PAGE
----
(Reuters) - The campaign to repeal a Michigan law that allows the state to overrule local elected officials and union contracts moved to the Michigan Supreme Court on Wednesday, with arguments centered on a technicality - font size.
The key question weighed by justices, who gave no indication when they will rule, was if the type size used on petitions seeking to overturn the year-old emergency manager law complied with state requirements.
Opponents of the law want a referendum on it to be placed on the November 2012 ballot. Stand Up for Democracy, a union-backed group, collected enough valid signatures on the petitions to qualify the measure for the ballot.
An attorney for the group argued on Wednesday that the type size used met state requirements and that it has a constitutional right to access the ballot.
A state appeals court panel ruled in June that the measure should be placed before voters.
But Citizens for Fiscal Responsibility, a business-backed group, asked the Michigan Supreme Court to overturn that ruling and obtained a motion for immediate consideration by the court earlier this month.
State election officials have until September 7 to certify measures for the November 6 ballot.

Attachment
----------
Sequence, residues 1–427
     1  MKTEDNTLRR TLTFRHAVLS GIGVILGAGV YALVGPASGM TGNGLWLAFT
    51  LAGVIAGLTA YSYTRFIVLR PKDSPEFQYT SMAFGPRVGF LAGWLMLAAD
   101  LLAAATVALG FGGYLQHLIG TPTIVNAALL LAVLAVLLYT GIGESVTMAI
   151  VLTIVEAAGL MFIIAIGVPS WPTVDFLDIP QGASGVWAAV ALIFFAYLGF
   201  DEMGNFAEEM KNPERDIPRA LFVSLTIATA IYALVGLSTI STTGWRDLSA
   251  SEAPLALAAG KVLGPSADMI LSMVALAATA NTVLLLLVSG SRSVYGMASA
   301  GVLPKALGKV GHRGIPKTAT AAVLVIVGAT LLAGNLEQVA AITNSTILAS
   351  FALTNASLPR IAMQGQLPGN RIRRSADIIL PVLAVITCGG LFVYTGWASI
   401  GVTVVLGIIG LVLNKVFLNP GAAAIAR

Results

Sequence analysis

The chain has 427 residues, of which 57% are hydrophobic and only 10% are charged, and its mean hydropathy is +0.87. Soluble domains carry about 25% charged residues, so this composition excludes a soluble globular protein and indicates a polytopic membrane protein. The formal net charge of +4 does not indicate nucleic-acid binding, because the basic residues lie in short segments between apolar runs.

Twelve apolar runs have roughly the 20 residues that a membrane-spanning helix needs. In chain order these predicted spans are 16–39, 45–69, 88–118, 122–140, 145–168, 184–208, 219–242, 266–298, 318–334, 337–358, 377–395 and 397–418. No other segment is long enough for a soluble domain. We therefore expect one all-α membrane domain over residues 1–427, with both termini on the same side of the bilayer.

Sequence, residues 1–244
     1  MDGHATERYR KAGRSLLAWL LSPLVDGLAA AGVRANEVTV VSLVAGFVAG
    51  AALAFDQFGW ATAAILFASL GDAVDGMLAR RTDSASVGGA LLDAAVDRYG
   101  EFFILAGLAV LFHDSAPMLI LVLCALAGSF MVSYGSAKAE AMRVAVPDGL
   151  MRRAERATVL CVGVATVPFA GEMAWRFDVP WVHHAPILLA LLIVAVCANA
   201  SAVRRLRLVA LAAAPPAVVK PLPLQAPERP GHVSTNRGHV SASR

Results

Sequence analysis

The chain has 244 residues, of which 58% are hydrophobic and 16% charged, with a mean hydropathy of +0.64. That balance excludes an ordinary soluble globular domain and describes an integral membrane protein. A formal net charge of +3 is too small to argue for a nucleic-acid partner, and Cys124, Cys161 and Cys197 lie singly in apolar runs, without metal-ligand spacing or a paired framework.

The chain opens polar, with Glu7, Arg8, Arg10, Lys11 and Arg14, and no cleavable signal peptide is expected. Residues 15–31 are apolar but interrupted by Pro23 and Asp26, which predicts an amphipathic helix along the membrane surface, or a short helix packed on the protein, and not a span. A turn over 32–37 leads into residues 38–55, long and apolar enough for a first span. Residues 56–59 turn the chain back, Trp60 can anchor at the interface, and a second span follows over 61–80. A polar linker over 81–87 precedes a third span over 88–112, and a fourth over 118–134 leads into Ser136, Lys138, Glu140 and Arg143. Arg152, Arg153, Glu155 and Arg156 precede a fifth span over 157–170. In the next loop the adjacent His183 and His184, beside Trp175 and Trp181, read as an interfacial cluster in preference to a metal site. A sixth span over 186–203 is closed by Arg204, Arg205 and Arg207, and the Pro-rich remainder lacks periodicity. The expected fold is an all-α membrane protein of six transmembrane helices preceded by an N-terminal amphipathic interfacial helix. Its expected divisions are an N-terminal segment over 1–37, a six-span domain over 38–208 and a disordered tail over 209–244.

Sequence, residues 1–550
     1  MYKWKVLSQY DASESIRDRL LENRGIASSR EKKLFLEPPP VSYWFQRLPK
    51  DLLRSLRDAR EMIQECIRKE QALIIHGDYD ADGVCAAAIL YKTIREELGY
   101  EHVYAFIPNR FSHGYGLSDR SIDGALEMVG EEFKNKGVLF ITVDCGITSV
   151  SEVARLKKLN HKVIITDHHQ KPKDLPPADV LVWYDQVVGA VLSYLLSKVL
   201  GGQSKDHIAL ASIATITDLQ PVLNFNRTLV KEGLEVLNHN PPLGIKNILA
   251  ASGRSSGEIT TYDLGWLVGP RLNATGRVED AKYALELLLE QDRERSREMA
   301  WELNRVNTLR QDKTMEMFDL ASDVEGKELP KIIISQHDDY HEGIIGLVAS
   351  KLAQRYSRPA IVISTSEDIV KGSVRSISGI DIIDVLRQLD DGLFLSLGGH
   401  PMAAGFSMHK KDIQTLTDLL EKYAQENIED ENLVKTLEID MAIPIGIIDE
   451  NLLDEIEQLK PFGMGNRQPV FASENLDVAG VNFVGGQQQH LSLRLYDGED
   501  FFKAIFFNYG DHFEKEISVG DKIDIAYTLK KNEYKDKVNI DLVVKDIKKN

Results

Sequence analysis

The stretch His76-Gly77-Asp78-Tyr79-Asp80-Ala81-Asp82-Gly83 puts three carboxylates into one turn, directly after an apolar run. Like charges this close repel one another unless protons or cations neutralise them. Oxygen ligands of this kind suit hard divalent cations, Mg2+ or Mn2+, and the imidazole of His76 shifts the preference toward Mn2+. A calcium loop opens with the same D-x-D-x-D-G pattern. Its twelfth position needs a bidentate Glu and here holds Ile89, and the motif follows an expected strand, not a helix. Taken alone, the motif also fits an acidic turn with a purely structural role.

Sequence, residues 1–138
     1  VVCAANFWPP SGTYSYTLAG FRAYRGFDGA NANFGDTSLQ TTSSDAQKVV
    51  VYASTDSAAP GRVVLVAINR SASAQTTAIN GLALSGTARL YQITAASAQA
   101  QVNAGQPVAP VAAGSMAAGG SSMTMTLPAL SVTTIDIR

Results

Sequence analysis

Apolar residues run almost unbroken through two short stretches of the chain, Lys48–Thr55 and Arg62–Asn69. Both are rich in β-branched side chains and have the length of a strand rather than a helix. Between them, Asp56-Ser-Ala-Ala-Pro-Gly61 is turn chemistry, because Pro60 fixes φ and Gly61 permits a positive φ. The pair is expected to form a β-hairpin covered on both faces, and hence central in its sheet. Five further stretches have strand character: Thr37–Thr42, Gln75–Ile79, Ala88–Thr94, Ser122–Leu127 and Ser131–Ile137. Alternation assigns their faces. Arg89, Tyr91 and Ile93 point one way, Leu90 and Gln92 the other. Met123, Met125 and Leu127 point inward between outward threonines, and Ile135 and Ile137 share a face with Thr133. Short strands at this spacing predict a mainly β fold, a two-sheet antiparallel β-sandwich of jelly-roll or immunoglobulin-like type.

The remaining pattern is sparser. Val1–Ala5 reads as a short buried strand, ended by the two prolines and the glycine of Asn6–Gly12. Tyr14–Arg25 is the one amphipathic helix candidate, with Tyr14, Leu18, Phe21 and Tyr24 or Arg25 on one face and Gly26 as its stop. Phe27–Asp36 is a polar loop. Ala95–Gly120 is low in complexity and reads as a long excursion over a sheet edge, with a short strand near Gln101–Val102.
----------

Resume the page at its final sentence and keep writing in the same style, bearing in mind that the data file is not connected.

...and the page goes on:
Michigan replaced its previous emergency financial manager law for troubled cities and school districts in 2011. The new law, known as Public Act 4, gave the state more power to intervene in financially strapped local governments and school districts. State-appointed emergency managers who run the governments and schools could now void collective bargaining agreements.
Parts of an April financial stability agreement between Detroit and Michigan depend on the law, which would be suspended if the repeal makes the ballot. Michigan’s attorney general has said that a former, weaker emergency manager law would take its place in the interim.
Four Michigan cities and three school districts have emergency managers.
Wall Street credit rating agencies have raised concerns about the potential suspension of the law. Moody’s Investors Service in March said such a move would hurt the credit quality of local governments under state oversight, including Detroit.
In a filing with the supreme court last week, Michigan’s Secretary of State said if the court rules the actual letters should be measured to determine type size, that decision would “most certainly” invalidate six other measures awaiting certification for the ballot.
Those measures include proposed constitutional amendments designating collective bargaining as a right, authorizing eight new casinos, requiring voter approval for a new international bridge crossing, and mandating voter approval or a two-thirds vote by the Michigan Legislature for new or additional taxes.
Reporting by Karen Pierog; Editing by Richard Chang